I had my first hangover from Hell when I was 17. As soon as I had passed my driving test, I set myself up as a mobile disco called Arson Annie. Armed with a twin tape deck and my trusty turntable I spent the whole of that summer ghetto blasting my way through rural Gloucestershire. Guaranteed to rock up to the homes of all my friends who grabbed the opportunity to arrange a party when they found out that their parents would be away for the night.
At one fiery party in a briefly parentless home, my friend’s twelve-year-old brother was acting as a self-appointed bartender. Availing ourselves to the contents of the parentibus abessent’s drinks cupboard, I asked for a gin and bitter lemon. What I actually got was a lethal concoction, which tasted like bitter lemon but had enough alcohol in it to fell a 16-stone rugby player and I was given more than one.
It was hot and steamy on the makeshift dance floor as I swilled what I thought was a lot of bitter lemon with a little gin, but the bitter lemon disguised a lethal cocktail of various spirits. With my sound system set to max volume, Tina Turner’s Nutbush City Limits began to sound hollow and distant as my surroundings blurred and my speech slurred. I managed to make it upstairs to the bathroom where, kneeling in front of the lavatory, I projectile vomited the fermenting brew inside my stomach.
Exhausted I collapsed to the floor and rolled on to my back. The bathroom walls were plastered with wallpaper, decoratively adorned with single stemmed roses spaced six inches apart. Only I could see twice as many roses than the designer created, spinning, twirling and dive-bombing me Walt Disney-style.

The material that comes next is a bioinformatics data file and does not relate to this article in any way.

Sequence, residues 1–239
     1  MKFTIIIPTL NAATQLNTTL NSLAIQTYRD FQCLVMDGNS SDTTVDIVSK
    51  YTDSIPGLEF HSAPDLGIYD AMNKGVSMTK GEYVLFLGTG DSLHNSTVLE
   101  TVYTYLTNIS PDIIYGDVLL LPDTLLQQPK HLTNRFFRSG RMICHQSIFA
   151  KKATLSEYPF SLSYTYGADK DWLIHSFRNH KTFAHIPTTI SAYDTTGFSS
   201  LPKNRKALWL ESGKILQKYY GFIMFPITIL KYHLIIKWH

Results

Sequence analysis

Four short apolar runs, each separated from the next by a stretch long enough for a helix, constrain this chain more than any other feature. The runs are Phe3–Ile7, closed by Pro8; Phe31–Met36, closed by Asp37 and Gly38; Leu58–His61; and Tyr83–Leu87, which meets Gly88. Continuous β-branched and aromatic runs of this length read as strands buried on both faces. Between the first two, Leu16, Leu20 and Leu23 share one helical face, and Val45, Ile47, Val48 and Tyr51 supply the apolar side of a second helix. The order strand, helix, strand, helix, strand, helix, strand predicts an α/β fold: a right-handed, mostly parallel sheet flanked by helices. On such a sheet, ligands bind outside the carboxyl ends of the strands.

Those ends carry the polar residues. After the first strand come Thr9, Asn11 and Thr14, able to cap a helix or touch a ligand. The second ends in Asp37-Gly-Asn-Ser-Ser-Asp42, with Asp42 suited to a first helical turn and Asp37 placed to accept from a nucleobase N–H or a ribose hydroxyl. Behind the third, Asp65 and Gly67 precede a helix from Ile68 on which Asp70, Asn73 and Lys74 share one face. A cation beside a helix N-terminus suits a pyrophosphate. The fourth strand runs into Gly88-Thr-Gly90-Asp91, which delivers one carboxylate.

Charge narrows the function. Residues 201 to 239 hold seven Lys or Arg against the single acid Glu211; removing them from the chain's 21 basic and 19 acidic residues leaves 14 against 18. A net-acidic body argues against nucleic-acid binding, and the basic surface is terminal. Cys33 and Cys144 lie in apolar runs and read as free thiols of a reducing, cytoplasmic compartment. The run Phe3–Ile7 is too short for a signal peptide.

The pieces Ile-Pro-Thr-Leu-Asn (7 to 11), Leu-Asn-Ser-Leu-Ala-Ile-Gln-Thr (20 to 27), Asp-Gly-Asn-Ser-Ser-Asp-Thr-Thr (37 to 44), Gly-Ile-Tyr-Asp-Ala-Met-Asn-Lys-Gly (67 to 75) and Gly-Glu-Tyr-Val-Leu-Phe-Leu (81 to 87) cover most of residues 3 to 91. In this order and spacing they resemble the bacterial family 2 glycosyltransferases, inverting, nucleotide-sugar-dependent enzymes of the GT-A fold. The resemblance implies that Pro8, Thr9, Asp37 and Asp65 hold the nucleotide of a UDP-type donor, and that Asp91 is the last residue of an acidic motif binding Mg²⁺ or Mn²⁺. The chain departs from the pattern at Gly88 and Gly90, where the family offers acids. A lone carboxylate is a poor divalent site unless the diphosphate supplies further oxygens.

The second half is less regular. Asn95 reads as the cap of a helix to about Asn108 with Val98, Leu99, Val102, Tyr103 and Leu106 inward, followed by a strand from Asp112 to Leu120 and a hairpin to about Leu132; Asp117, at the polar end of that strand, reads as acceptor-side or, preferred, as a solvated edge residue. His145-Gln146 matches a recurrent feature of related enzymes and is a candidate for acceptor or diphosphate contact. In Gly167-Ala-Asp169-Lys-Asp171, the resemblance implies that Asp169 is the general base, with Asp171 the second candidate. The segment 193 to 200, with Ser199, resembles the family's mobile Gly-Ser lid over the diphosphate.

“Her head felt like elephants were doing the merengue on her cerebellum.”
I came to the following morning, the party long since over and still lying on the bathroom floor. Enveloped in the smell of wet dog, curled up with the family’s golden retriever. Every dehydrated inch of me felt nauseous. My head felt like it was being repeatedly hit with a sledgehammer, as I imagined I could hear the music from the shower scene in Alfred Hitchcock’s Phsyco.
It was a sound learning curve, although I had been unaware of how much and how many different types of alcohol were sloshing around in my bitter lemon.
Whilst lying on that bathroom floor breathing in the smell of wet dog, I promised myself that I would never drink again. It should have been a sound learning curve, but I broke that promise when the next party came around.
But however out of sorts I might have felt since then after having had one too many, I will never feel quite as appalling as I did with my first ever hangover, waking to the aroma of wet dog and having been traumatised by dive-bombing single-stemmed red roses.